Jay-Z is hoping to help one of his fans in jail
Jay-Z is hoping to help a fan in prison.
The rapper’s legal team has — twice — from a North Carolina judge seeking the “compassionate release” of a man serving a 20-year prison sentence on marijuana charges, Page Six has learned exclusively.
In court documents submitted Wednesday and obtained by Page Six, attorney Alex Spiro filed a second motion asking the court to reconsider his previous request – one that was called for inmate Valon Welles’ COVID-19 Vaccination was rejected due to record.
Spiro argued, “Mr Wallace’s motion for compassionate release does not mention COVID-19 and on any COVID-19-related argument as the basis for an argument in favor of a reduced sentence.” doesn’t trust.”
In December 2007, Welles, now 55, was found guilty by a jury of conspiracy to distribute more than a ton of marijuana from 2003 to 2007. He was sentenced to 20 years in federal prison with an additional 10 years. Supervised release.
Wallace’s case first came to the attention of Spiro and other members of Jay-Z’s legal team when the inmate wrote an emotional letter to the “Empire State of Mind” rapper, who is proud Owner of Cannabis Company Monogram.
Page six received a special copy of the note jay zee, which Wallace wrote in February from New York’s Otisville Correctional Facility.
“This letter is a request to solicit your help with the intention of campaigning for my clemency,” the letter read. “13 and a half years is a long time to still be imprisoned on a substance that has become the ultimate green rush.”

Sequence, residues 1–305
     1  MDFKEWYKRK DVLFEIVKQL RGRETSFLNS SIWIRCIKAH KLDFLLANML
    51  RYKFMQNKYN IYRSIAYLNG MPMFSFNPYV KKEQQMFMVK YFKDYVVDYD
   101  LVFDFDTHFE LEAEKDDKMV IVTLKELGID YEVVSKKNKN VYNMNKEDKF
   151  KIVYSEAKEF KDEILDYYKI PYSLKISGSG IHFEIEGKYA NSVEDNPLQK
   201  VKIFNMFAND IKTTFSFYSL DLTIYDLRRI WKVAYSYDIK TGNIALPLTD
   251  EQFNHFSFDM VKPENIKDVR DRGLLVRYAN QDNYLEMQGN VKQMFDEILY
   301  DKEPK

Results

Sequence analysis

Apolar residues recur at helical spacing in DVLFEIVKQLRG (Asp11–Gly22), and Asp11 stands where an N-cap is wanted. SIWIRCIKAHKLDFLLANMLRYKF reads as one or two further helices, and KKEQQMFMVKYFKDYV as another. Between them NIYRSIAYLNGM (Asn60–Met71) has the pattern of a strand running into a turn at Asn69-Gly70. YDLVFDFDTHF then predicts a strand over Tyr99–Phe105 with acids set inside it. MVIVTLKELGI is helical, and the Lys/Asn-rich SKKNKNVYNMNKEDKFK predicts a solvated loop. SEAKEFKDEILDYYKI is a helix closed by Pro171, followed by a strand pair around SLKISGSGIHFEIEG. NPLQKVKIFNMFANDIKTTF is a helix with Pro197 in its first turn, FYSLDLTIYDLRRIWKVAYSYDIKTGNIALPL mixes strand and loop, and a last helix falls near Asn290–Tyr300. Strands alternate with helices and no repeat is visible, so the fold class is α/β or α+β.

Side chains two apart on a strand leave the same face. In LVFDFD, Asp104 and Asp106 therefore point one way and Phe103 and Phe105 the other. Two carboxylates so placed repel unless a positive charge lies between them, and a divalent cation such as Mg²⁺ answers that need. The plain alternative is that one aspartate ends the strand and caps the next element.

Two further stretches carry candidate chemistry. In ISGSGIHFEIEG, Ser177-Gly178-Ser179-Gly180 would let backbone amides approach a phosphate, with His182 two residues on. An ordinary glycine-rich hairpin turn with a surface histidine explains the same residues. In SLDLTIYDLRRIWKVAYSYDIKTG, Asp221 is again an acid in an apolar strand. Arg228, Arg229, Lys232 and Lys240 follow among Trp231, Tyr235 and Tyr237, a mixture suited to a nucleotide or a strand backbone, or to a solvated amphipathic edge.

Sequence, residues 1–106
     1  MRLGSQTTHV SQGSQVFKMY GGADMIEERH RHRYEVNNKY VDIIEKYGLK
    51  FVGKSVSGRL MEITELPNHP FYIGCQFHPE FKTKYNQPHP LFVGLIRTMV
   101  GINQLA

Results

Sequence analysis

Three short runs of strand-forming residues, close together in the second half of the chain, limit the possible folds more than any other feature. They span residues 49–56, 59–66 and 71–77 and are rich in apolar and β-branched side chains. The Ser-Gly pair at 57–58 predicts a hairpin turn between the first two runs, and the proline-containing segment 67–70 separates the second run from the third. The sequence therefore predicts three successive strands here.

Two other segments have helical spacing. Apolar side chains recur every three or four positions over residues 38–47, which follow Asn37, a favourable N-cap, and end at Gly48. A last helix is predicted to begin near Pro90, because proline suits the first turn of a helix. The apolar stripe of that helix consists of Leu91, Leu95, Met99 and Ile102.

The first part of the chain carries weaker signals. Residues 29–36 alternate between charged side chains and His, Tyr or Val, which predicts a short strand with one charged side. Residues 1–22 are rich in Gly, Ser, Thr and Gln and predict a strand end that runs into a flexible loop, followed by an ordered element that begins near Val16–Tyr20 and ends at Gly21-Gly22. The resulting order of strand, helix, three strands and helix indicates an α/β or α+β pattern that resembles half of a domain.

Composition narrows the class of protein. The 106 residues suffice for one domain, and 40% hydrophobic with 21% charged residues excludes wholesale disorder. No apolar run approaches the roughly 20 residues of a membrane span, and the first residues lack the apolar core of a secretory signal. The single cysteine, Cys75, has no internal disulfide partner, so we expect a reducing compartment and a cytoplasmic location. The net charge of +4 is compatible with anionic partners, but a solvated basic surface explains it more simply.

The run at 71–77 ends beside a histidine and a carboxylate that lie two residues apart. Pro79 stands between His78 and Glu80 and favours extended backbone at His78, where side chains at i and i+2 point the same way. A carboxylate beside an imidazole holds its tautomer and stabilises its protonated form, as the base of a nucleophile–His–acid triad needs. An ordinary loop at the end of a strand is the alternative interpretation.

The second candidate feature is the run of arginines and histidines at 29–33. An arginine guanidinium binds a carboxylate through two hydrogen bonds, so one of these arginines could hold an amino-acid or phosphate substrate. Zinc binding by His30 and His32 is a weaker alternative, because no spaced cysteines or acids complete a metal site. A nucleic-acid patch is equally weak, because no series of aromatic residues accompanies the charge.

Referring to his complicated family situation, Wallace wrote, “My family needs my home.”
“While in captivity, I have lost loved ones,” he explained. “My mother passed away in 2020, my grandmother in 2009, my nephew in 2020. Also, my best friend died of COVID in 2021. I have four children, the youngest 1.4 and 3 granddaughters.”
Wallace said he has followed Jay-Z’s career and was particularly impressed by his advocacy for the “disadvantaged and voiceless”, which he said was noted in Wall Street Journal report.
“A lot has changed in my life, but most importantly, I have a new perspective on society,” Wallace claimed. “Therefore, I pledge to my family, my children and myself that my imprisonment will not be in vain.”
The prisoner ends his note by saying that he can’t help but feel “some kind of way” about him. Ongoing Reforms of Marijuana Legalization In America knowing that he is still behind bars.
“It is a bitter truth that I am a casualty and an object of thisAndStem full of injustice,” he wrote.
Clearly inspired by Wallace’s words, Jay-Z immediately assembles Spiro and his team in monograms to petition the prisoner’s behalf.
The first motion for a compassionate release request was filed in August. It noted that Wallace was “a model prisoner”, citing complete research and drug treatment, and that Wallace’s family “desperately needs their support and assistance, and he is a does not present a recurrence risk.”
US District Judge Frank Whitney issued a short 5-line that same month, inappropriately mentioning that Welles was a “pro se motion”—meaning he represented himself—when in fact he had a famous The celebrity lawyer was Spiro, who was supporting him. It also noted Wallace’s vaccination record.
“It is clear that this court does not take the time to even read the arguments of the accused and forgets,” a source told Page Six on Wednesday. “It shouldn’t take Jay-Z and Monogram to hold them accountable.”
Spiro asked the judge in Wednesday’s filing to release Welles on a time sentence.
“Mr Wallace has exhausted his administrative measures [Federal Bureau of Prisons]; his case requires compassionate release for exceptional and compelling reasons; Relevant factors support the release; And Mr. Wallace poses no threat to the community,” argued the lawyer.
He continued, “Mr Wallace is the only available caretaker for his mentally ill brother who is in dire need of Mr Wallace’s support.”
The lawyer concluded, “It is unjust to allow Mr Wallace to remain in prison, if the sentence under the existing law, and to the credit of his good behaviour, would have been released earlier.”
a Change.org Petition As of Wednesday afternoon, there have been nearly 2,000 signatures advocating for Wallace’s release.